|Posted:||October 7, 2021 12:13 PM|
|From:||Representative Rick Krajewski|
|To:||All House members|
|Subject:||Tenants’ Rights to Mediation|
|For many people, the safety and comfort of their overall home environment is dependent on mutual respect and consideration between themselves and the roommates that they share their home with. Shared housing is often the only affordable housing option available for working class people. This is especially true in more urban areas of the state. In Philadelphia for example, renters can pay as much as 44 percent less to live in shared environments compared to renting on their own. Many people also seek shared housing for the sense of community and camaraderie. I myself am currently in a shared living situation, and I’m sure there are other members who are as well.
Unfortunately, mutual respect and consideration between roommates may not always be a given. People in co-living environments can be subjected to aggression, intimidation, open antagonism, bullying, discrimination, and more on a regular basis. During the pandemic many people have been dealing with social isolation and mental health trauma. These episodes can lead to increased aggression and intimidation towards housemates. As things stand currently, renters in these scenarios have little recourse -- other than conferring with a landlord who is often not legally obliged to take action or involving the police in issues which they are not trained to address, and which are often not criminal in the first place.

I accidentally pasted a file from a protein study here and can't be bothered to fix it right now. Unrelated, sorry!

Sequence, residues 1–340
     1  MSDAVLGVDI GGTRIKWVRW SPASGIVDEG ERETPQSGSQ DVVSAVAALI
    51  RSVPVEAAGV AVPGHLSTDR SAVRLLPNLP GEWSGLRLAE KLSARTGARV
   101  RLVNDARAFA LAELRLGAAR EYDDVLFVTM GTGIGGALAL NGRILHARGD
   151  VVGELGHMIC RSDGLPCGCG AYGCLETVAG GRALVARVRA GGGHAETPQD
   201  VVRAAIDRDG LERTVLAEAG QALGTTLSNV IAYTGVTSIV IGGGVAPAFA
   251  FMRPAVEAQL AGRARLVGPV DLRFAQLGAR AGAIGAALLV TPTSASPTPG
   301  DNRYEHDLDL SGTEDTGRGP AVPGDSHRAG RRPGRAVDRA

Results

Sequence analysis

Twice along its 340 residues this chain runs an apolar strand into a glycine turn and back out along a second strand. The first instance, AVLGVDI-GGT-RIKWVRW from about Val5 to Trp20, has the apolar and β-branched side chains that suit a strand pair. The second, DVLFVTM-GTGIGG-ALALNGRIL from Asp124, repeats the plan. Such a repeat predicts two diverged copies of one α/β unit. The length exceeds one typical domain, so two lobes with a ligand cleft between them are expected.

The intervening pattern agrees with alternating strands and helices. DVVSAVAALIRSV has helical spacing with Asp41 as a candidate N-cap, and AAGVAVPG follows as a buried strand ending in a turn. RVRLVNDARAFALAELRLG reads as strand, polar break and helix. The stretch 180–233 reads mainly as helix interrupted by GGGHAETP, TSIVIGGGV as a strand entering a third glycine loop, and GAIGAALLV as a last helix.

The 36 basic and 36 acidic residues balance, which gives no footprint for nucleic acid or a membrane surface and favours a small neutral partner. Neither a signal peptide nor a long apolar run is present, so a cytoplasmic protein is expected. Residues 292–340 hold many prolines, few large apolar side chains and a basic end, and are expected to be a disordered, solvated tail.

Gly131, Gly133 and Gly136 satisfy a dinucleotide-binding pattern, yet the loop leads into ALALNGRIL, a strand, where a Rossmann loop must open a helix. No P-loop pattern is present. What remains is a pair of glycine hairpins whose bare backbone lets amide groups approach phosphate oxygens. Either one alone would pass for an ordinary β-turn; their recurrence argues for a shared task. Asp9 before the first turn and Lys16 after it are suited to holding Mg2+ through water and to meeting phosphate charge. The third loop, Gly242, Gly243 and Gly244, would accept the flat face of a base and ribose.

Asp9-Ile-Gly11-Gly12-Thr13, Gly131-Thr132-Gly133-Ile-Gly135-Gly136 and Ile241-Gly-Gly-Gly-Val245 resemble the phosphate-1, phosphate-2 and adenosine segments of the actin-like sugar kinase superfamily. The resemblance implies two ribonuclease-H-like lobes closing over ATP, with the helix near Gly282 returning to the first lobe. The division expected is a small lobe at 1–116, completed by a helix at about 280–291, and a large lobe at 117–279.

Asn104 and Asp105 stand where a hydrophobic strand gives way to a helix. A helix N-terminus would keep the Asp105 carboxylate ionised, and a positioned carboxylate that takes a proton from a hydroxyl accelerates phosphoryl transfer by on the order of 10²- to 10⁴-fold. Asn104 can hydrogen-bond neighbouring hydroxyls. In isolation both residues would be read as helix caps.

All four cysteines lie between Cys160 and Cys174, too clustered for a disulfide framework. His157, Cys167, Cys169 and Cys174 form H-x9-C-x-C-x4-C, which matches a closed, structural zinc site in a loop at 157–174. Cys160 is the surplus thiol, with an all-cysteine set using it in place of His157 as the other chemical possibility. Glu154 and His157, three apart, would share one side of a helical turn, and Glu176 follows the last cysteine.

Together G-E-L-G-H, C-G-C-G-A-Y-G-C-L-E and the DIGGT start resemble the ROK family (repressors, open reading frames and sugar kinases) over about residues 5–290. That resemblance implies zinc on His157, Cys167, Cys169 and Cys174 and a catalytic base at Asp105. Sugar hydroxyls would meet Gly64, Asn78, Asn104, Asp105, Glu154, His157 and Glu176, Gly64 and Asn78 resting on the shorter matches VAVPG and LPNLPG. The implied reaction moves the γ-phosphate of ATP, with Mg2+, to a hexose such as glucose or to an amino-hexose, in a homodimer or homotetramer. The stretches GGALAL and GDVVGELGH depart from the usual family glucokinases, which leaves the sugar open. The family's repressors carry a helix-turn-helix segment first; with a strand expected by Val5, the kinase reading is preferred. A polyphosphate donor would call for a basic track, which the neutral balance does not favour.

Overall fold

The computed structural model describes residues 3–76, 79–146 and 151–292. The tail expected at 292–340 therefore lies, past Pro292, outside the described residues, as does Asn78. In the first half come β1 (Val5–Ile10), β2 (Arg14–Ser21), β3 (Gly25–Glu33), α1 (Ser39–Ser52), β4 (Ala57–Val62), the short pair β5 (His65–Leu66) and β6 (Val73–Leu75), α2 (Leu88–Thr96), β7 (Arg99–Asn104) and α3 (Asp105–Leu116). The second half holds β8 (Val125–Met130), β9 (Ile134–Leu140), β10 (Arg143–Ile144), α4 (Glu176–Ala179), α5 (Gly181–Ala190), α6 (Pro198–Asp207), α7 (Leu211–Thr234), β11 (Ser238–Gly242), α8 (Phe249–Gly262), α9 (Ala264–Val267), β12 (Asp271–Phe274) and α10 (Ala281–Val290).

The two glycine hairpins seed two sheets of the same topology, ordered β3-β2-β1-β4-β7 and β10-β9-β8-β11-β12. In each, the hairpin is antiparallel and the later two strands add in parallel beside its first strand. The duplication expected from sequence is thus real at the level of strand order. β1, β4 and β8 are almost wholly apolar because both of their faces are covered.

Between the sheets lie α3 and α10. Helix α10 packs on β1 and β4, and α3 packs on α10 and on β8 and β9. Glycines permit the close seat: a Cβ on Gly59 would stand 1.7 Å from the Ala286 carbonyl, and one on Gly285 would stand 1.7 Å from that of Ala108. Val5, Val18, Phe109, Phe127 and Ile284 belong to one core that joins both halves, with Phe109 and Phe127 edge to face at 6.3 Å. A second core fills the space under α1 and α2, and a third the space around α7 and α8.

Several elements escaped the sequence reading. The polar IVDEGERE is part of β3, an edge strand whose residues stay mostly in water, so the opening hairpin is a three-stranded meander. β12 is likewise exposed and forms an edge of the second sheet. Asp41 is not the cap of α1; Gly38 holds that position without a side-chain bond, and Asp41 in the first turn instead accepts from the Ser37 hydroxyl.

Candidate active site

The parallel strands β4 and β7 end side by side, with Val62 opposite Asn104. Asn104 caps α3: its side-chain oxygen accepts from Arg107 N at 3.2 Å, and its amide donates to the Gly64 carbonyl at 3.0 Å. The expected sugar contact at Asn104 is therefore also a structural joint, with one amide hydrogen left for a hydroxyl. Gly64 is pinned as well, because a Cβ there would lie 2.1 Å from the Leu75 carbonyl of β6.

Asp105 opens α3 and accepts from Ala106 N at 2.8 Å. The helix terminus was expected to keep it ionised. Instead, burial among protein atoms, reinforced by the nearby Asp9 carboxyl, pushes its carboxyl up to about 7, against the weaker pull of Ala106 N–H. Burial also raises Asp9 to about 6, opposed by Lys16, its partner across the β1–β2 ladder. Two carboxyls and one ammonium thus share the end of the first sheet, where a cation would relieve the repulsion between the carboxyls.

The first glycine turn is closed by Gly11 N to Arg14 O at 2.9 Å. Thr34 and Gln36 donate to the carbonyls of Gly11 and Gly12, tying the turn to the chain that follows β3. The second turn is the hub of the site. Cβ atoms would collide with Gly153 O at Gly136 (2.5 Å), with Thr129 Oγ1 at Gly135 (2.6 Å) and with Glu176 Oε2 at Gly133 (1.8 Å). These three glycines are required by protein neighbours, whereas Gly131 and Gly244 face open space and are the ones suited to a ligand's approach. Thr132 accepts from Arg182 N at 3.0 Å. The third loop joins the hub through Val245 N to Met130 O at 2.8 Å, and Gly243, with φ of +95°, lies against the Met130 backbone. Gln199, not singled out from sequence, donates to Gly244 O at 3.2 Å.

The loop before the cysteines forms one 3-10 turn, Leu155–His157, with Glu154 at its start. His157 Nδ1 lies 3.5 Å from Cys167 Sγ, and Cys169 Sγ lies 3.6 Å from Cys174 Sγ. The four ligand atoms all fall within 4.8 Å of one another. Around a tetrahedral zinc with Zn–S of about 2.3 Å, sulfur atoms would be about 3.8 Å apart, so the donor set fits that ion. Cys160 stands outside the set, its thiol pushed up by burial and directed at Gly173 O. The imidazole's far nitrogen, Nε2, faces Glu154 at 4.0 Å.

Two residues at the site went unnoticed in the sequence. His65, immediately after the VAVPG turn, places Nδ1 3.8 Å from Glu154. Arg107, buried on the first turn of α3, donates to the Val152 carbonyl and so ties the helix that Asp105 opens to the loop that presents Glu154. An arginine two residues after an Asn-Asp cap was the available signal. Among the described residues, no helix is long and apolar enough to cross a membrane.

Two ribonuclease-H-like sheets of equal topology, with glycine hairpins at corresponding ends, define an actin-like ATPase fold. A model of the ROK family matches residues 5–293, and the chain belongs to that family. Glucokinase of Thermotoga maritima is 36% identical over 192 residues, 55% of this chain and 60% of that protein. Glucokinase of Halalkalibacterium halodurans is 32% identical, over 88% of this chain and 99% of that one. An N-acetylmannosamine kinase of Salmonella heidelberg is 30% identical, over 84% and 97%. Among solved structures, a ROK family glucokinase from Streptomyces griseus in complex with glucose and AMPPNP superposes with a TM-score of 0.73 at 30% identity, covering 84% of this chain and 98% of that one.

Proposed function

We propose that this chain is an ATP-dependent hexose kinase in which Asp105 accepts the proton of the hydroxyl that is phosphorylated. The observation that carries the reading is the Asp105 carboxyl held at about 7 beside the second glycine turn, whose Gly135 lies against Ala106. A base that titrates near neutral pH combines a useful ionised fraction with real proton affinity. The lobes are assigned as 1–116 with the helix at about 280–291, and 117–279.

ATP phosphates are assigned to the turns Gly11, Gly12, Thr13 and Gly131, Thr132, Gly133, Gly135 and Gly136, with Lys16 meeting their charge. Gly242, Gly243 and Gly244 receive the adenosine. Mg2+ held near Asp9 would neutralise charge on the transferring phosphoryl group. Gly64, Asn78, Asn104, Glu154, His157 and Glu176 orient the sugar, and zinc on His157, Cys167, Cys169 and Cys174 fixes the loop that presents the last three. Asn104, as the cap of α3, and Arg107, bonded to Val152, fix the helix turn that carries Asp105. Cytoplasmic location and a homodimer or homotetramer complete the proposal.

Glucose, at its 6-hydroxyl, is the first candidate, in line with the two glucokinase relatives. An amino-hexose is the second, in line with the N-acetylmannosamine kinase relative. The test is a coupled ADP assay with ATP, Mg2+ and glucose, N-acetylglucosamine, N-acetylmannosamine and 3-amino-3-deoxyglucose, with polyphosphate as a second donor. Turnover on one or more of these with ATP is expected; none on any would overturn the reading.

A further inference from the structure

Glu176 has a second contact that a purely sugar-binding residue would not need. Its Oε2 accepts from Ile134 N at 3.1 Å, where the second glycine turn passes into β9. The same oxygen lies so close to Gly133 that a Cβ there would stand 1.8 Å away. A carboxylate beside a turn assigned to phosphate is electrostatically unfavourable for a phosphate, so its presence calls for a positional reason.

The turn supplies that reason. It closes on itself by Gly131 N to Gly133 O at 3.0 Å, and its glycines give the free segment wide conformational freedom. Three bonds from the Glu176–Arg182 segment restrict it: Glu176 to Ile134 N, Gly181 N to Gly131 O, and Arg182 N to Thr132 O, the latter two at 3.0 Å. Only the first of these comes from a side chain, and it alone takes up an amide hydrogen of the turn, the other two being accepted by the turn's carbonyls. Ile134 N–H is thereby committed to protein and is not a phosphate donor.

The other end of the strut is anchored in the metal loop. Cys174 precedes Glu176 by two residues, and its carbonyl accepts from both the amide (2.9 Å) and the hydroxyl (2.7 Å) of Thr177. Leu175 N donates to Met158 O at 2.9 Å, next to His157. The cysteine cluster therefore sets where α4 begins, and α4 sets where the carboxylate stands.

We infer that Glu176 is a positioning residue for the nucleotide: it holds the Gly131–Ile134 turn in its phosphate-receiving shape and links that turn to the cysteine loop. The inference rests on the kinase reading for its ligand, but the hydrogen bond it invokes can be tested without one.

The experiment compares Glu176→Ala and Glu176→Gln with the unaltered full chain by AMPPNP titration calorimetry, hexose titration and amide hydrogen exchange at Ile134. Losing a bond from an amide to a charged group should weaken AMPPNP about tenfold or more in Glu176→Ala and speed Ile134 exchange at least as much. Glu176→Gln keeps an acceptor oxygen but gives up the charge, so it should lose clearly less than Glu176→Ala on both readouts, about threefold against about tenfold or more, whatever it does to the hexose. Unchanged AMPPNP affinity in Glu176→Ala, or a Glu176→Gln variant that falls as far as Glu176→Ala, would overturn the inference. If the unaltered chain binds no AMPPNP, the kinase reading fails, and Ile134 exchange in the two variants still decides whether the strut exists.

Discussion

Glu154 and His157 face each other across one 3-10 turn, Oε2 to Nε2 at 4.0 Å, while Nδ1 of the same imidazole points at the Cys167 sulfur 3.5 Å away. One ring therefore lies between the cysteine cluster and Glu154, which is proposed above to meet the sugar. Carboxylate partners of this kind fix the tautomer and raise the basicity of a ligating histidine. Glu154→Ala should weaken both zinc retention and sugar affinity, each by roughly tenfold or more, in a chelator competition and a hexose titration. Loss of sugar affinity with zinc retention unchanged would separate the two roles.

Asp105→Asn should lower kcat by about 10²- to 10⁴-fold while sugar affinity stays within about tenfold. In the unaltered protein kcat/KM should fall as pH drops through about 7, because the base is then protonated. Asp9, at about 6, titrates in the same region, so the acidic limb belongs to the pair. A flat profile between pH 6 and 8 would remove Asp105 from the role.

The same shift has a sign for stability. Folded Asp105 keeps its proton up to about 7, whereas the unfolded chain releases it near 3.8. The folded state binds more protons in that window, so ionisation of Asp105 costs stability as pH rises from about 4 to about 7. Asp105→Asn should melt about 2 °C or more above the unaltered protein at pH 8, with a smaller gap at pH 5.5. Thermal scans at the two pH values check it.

No tenant should be forced to endure a constant feeling danger or discomfort in their own home, which is why I plan to introduce this legislation providing tenants with a right to mediation. This legislation would require landlords to pursue professional mediation in instances where any tenant makes substantiated reports of serious interpersonal conflict. Reportable offenses would include all manners of conduct that are severe or pervasive enough to create a home environment for other occupants that a reasonable person would consider intimidating, hostile, or abusive. This requirement would only apply to landlords renting property in counties where free professional mediation services are available, so as not to place undue financial burden on landlords or tenants.
Every person should have the right to a home that is safe, peaceful, and free from hostility. Please join us in sponsoring this important legislation.
Introduced as HB2136